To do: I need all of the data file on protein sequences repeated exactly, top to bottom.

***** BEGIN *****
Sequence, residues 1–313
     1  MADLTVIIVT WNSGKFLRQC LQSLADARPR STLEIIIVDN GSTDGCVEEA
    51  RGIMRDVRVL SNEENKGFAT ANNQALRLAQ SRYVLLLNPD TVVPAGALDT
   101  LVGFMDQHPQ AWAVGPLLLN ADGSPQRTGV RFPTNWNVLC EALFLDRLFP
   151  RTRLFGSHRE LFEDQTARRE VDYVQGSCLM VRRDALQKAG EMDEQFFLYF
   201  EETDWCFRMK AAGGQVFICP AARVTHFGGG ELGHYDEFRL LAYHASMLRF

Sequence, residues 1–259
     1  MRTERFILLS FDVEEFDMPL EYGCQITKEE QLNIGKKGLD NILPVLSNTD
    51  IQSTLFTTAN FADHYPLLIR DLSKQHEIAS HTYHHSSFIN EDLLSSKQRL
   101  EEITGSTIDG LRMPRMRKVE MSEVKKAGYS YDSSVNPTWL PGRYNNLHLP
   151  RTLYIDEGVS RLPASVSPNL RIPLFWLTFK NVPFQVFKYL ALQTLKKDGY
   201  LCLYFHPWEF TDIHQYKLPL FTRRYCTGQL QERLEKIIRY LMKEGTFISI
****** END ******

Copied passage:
Sequence, residues 1–313
     1  MADLTVIIVT WNSGKFLRQC LQSLADARPR STLEIIIVDN GSTDGCVEEA
    51  RGIMRDVRVL SNEENKGFAT ANNQALRLAQ SRYVLLLNPD TVVPAGALDT
   101  LVGFMDQHPQ AWAVGPLLLN ADGSPQRTGV RFPTNWNVLC EALFLDRLFP
   151  RTRLFGSHRE LFEDQTARRE VDYVQGSCLM VRRDALQKAG EMDEQFFLYF
   201  EETDWCFRMK AAGGQVFICP AARVTHFGGG ELGHYDEFRL LAYHASMLRF

Sequence, residues 1–259
     1  MRTERFILLS FDVEEFDMPL EYGCQITKEE QLNIGKKGLD NILPVLSNTD
    51  IQSTLFTTAN FADHYPLLIR DLSKQHEIAS HTYHHSSFIN EDLLSSKQRL
   101  EEITGSTIDG LRMPRMRKVE MSEVKKAGYS YDSSVNPTWL PGRYNNLHLP
   151  RTLYIDEGVS RLPASVSPNL RIPLFWLTFK NVPFQVFKYL ALQTLKKDGY
   201  LCLYFHPWEF TDIHQYKLPL FTRRYCTGQL QERLEKIIRY LMKEGTFISI